There are two types of warm core lows that will be discussed in this writing. One type is fairly stable and occurs over hot land. The other has the potential to be violent and occurs over hot water. The fairly stable warm core low is termed a “thermal low” and the potentially violent warm core low is termed a “tropical low”.

The warm core thermal low is shown below. It develops over hot land. Hot air has an inclination to rise since hot air is less dense than surrounding cooler air. This rising of the air produces a lowering a surface pressure. A thermal low is most intense at the surface but weakens with height away from the source region of the hot land. Higher aloft the air tends to be stable. Thus the rising motion from the surface is often not able to develop areas of precipitation due to the stable air aloft ending vertical motions that are initiated from the surface. Thermal lows are most common over subtropical dry land regions in the summer. Dry land tends to heat up more than moist land. This is another reason thermal lows tend to not produce much precipitation since they develop over dry land. In specific situations though, if the thermal low is able to draw in moisture from a moisture source, then afternoon thunderstorm type precipitation can develop.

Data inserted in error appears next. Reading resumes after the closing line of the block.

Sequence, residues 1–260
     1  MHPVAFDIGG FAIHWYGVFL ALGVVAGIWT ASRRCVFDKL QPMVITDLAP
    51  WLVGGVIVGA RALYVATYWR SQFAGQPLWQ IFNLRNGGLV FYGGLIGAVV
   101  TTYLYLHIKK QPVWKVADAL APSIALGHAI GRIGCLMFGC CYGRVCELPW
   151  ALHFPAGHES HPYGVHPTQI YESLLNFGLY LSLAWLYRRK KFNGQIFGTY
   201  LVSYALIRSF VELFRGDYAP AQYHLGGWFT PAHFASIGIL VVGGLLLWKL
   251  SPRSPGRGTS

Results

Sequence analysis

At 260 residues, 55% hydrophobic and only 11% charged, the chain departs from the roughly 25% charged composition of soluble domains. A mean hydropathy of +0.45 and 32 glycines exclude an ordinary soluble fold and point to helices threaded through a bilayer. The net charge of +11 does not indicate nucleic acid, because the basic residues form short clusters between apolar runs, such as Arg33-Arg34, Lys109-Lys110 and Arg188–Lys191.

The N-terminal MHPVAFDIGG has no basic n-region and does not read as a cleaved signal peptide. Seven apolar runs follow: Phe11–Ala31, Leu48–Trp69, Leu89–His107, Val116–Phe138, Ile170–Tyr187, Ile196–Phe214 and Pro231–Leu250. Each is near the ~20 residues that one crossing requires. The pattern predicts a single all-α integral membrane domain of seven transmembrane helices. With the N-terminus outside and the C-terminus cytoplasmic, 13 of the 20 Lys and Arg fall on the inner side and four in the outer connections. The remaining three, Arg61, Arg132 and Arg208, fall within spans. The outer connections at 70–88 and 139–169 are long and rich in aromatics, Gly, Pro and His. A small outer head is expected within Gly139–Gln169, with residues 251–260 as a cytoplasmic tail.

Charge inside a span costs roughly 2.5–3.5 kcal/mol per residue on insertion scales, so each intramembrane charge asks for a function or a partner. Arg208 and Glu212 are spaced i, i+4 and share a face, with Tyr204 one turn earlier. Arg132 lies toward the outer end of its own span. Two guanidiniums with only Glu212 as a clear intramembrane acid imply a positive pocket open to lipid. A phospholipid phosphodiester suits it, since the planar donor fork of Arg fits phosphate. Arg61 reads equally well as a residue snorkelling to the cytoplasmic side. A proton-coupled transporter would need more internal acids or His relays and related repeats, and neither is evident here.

The warm core tropical low is shown below. In develops over hot water. Hot water is able to evaporate large amounts of moisture into the air. This moisture is what fuels the tropical low. Just as a thermal low, the tropical low is most intense at the surface and weakens with height. The upper troposphere will be fairly stable above a well developed tropical low. The strong convergence of hot and moist air at the surface results in intense thunderstorm updrafts near the tropical low center. The Coriolis influence organizes the updrafts into a circulation that rotates cyclonically around the center. The diagram below shows a tropical low that has developed into a strong tropical low. Features of this strong tropical low include strong convergence and updrafts circulating around the low center, an “eye” of sinking air at the very center, stable environment in upper troposphere that includes diverging wind flow that removes the mass of air that has converged in the lower troposphere, a strong surface low pressure center, and strong surface wind.